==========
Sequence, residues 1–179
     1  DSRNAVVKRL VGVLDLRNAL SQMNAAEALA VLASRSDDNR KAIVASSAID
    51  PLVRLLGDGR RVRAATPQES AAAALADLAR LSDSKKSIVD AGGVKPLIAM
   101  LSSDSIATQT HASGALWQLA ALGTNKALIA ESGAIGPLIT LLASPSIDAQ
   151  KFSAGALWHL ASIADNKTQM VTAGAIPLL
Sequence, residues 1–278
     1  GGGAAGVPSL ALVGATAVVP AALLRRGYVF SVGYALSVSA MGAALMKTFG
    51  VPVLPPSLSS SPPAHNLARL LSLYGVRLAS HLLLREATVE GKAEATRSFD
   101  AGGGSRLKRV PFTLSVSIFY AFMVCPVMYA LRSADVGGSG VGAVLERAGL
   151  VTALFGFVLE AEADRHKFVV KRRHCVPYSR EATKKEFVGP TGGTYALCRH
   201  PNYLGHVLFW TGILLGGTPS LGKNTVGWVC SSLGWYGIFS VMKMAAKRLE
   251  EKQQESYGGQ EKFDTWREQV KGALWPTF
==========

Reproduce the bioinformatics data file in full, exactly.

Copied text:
Sequence, residues 1–179
     1  DSRNAVVKRL VGVLDLRNAL SQMNAAEALA VLASRSDDNR KAIVASSAID
    51  PLVRLLGDGR RVRAATPQES AAAALADLAR LSDSKKSIVD AGGVKPLIAM
   101  LSSDSIATQT HASGALWQLA ALGTNKALIA ESGAIGPLIT LLASPSIDAQ
   151  KFSAGALWHL ASIADNKTQM VTAGAIPLL
Sequence, residues 1–278
     1  GGGAAGVPSL ALVGATAVVP AALLRRGYVF SVGYALSVSA MGAALMKTFG
    51  VPVLPPSLSS SPPAHNLARL LSLYGVRLAS HLLLREATVE GKAEATRSFD
   101  AGGGSRLKRV PFTLSVSIFY AFMVCPVMYA LRSADVGGSG VGAVLERAGL
   151  VTALFGFVLE AEADRHKFVV KRRHCVPYSR EATKKEFVGP TGGTYALCRH
   201  PNYLGHVLFW TGILLGGTPS LGKNTVGWVC SSLGWYGIFS VMKMAAKRLE
   251  EKQQESYGGQ EKFDTWREQV KGALWPTF